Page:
Although romance is a genre that, in both manga and novels, has pushed boundaries in terms of mainstream publishing, both omegaverse and furry titles (as opposed to shifters) still face a number of obstacles when reaching readers, or at least public readers. That could make it harder for titles like Arata Asanae’s My Mate Is a Feline Gentleman to find audiences, especially when it’s also wrapped in plastic with an M rating and the message “Pornography.” porn” on the cover. But fans of heartwarming love stories shouldn’t let that deter them from choosing this book, because beneath the sometimes upsetting elements mentioned above, this book is the story of… Finding acceptance and love for who you are, not what society says about you. To be.
The story is set in an alternate version of what appears to be the late 19th century. It is “alternative” in two senses: one, there are beastmen with their own country, and two, that is an omegaverse. If you’re not familiar with the latter, it’s a subcategory of romance, where the sexes are divided into alpha, beta, and omega, where the latter is associated with excessive and potent sex pheromones strong. It is often used as a way to write baseless fantasy stories and male pregnancy stories, using alpha/omega motivation as the “why”. That’s not true of all omegaverse stories, but it may leave readers unsatisfied with this subgenre. Fortunately (or not, depending on your reading preferences), My Mate Is a Feline Gentleman doesn’t rely on those elements to provoke agitation. Instead, it uses both of these alternate world elements as a way to explore systematic bias and abuse, as well as cultural differences between beast and human nations.
Our main characters are Toushirou and Alex, human and Nyartigian respectively. As the name suggests, Nyartig is the country of cats and Asanae’s art is based on it; both Alex and his colleague Rodney look like human-sized two-legged cats, complete with retractable paw pads and claws. Alex is a diplomat by profession, and when he arrives in Japan, he is given as a servant by Toushirou. Toushirou’s half-brother tells Alex that he can do whatever he wants with him, heavily implying that Alex should use him for sex rather than as a servant. Normal. For his part, Alex is perplexed by this, because in his people omega not only do not exist (world building tells us that they come from the interbreeding of humans and beastmen). ), but they don’t even have a gender-based class system that humans do. Interestingly, Alex and Rodney’s conversation indicates that many other countries have taken steps to eliminate omega abuse, but in their opinion, Japan is backward in this respect. While the book doesn’t cover it much beyond a brief meeting with two people with English names working to protect omega, it’s still an interesting statement that can serve as a veiled critique. , especially when we consider it to appear in a book. about a same-sex relationship.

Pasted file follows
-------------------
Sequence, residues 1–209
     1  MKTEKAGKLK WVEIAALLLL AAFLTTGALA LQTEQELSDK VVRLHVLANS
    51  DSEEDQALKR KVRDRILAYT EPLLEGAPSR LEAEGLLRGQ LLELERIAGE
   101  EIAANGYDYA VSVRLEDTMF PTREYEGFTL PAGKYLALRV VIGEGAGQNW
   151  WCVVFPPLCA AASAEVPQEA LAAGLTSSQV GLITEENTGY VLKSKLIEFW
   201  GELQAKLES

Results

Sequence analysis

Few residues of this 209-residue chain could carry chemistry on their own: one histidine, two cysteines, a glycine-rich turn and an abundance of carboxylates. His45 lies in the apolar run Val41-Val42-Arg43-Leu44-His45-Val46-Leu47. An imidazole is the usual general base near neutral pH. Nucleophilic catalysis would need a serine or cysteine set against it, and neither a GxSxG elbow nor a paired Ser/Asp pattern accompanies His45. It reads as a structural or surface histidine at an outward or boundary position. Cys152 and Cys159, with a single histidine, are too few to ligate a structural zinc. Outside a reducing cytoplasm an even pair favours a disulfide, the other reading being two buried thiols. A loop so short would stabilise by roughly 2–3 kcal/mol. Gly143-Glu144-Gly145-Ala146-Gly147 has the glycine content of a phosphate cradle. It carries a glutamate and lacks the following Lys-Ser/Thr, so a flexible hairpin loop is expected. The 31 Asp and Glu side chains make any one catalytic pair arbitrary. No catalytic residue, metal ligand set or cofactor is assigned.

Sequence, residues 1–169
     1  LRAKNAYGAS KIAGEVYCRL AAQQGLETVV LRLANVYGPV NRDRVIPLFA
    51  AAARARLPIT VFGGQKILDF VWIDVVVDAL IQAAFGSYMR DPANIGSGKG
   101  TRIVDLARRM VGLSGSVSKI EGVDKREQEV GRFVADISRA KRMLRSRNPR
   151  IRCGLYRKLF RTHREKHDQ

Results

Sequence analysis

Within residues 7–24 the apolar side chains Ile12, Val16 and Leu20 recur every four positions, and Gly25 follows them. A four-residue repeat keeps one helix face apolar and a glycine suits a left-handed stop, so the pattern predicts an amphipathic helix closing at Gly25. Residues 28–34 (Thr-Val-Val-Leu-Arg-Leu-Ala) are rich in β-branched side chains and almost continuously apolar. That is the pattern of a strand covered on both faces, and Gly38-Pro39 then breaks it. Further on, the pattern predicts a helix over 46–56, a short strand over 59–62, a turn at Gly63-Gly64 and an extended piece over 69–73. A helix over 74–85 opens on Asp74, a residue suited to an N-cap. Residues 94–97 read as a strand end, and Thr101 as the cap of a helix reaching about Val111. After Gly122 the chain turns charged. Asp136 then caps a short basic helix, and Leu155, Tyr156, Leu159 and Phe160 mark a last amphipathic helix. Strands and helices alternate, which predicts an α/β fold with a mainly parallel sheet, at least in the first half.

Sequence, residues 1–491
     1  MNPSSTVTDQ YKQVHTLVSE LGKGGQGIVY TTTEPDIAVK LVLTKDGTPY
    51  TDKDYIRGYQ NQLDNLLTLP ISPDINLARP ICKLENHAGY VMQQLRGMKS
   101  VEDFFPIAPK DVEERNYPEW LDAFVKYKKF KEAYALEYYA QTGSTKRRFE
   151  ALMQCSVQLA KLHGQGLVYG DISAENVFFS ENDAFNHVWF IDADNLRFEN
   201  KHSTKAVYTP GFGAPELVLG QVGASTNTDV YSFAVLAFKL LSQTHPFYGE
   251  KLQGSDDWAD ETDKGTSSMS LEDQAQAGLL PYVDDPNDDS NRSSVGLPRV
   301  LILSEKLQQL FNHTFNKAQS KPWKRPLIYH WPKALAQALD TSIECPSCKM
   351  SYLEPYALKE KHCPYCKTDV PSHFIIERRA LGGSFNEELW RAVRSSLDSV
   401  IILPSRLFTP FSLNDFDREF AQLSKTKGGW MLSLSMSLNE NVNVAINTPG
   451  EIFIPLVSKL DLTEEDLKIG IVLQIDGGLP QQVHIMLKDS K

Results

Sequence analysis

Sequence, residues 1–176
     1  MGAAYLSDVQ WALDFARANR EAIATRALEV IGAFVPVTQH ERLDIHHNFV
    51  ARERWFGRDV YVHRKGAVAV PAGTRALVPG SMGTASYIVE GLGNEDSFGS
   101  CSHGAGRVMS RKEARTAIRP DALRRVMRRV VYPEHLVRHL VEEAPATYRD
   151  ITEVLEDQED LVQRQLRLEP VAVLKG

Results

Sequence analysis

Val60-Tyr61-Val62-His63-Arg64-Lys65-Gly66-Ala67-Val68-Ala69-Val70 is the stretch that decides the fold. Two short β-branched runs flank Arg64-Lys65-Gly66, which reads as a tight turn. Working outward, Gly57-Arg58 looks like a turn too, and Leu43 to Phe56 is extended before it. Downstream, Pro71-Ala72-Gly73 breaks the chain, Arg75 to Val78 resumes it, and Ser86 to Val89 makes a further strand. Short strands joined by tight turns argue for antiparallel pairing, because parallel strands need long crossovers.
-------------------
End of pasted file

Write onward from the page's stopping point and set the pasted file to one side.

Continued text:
In any case, Alex’s kindness both confused and pleased Toushirou. He has never been warmly treated and we can see that the two men are slowly falling in love as they live together. Rodney, acting as the voice of society, is concerned that Toushirou is a vehicle for the locals to manipulate Alex and that his omega pheromone will bring out Alex’s latent beastly qualities, and both relationships These concerns are all addressed in the text, though not in great detail as this is technically a complete story in one volume. (There’s a sequel, but there’s no indication in the book that it’s been planned.) While this might make the story feel a bit rushed, it doesn’t detract from the main point of the story. Romance story, it’s Alex. cares about Toushirou as a person, that’s how Toushirou always hopes someone will see him. That’s the warm, sweet focus of the book, and it works impressively.
Despite the warnings, ratings, and plastic wrap, this is not an extremely clean book. There are two fairly plain sex scenes (no genital display or overt penetration) and two slightly more explicit sexual assault scenes to show what Toushirou has endured for the most part. his life. However, most of the book’s work is emotionally charged, and the decision to mark this as obscene appears to have been a precautionary measure on the part of publisher Yen Press. While I can’t blame them for the current political climate in the United States surrounding books and LGBTQIA+ books in particular, it would be a shame if that decision prevented readers from enjoying the sweeter sides of the book. its story. However, this has two instances of sexual assault and some harsh language about how Toushirou is perceived in society, so take that into consideration.
However, My Mate Is a Feline Gentleman is a love story about overcoming the hardships beneath it all. Yes, one character is a giant anthropomorphic cat and this is an omegaverse book, but if that doesn’t end immediately then Alex and Toushirou’s relationship is one of love. It’s about finding someone who loves you for you even when other things get in the way, and for that, it’s been a huge success.
Disclosure: Kadokawa World Entertainment (KWE), a wholly owned subsidiary of Kadokawa Corporation, is the majority owner of Anime News Network, LLC. Yen Press, BookWalker Global and J-Novel Club are subsidiaries of KWE.